The body can destroy cancerous tumours itself discovers scientists in a key breakthrough that could change the course of medicine.
Researchers from Pennsylvania State University have identified a molecule, known as TIC10, which activates a protein that helps fight the disease, the Daily Mail reported.
The protein, called TRAIL, suppresses tumour development during immune surveillance, the immune system's process of patrolling the body for cancer cells.
The key benefit of using TRAIL (tumour-necrosis-factor-related apoptosis-inducing ligand) as a way to fight cancer is that it is already part of the immune system, so it is not toxic to the body like chemotherapy or radiotherapy.
Furthermore, the small size of TIC10 also makes it more effective than past discoveries because it can cross the blood-brain barrier, which separates the main circulatory system from the brain.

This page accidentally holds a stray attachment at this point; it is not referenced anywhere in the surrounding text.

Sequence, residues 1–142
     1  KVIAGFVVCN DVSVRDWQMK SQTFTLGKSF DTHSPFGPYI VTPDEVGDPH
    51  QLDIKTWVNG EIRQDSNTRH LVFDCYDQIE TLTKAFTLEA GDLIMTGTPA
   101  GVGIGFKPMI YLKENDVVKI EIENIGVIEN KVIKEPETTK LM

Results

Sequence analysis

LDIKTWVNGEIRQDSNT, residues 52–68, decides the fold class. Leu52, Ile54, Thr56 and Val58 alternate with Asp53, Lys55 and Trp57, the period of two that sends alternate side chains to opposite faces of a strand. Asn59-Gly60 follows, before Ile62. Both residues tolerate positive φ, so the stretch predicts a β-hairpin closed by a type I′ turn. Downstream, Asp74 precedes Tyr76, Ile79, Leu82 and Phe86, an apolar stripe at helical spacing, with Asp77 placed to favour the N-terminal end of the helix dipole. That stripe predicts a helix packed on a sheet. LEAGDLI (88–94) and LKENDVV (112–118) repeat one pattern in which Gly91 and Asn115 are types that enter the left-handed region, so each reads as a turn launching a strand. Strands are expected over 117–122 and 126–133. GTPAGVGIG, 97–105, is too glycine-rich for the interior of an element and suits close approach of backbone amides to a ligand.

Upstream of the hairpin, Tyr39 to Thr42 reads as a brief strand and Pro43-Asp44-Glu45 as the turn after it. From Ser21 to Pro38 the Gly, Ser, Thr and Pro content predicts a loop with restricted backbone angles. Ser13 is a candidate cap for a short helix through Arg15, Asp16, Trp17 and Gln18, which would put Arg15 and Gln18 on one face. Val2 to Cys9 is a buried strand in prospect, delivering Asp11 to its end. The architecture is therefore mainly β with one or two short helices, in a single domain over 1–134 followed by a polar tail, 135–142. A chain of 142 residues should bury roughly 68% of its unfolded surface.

This barrier can prevent cancer treatments from entering the brain, thereby hindering the action of drugs for brain tumours.
"We didn't actually anticipate that this molecule would be able to treat brain tumours - that was a pleasant surprise," lead researcher Wafik El-Deiry, an oncologist at Pennsylvania State University said.
Another positive is that TIC10 does not just activate the TRAIL gene in cancerous cells, but also in healthy ones. This is known as the "bystander effect" - i.e. where cells near cancerous cells are also killed.
Nearby healthy cells are also given a boost to increase the number of cancer-killing TRAIL receptors on their cell surface.
Although the study was limited to mice, Dr El-Deiry is confident that a similar approach would work in humans.
The success of TRAIL to trigger cancer cell death has led to ongoing clinical trials with artificially created versions, and early trials have shown that giving the protein in drug form is safe.
The study is published in the journal Science Translational Medicine.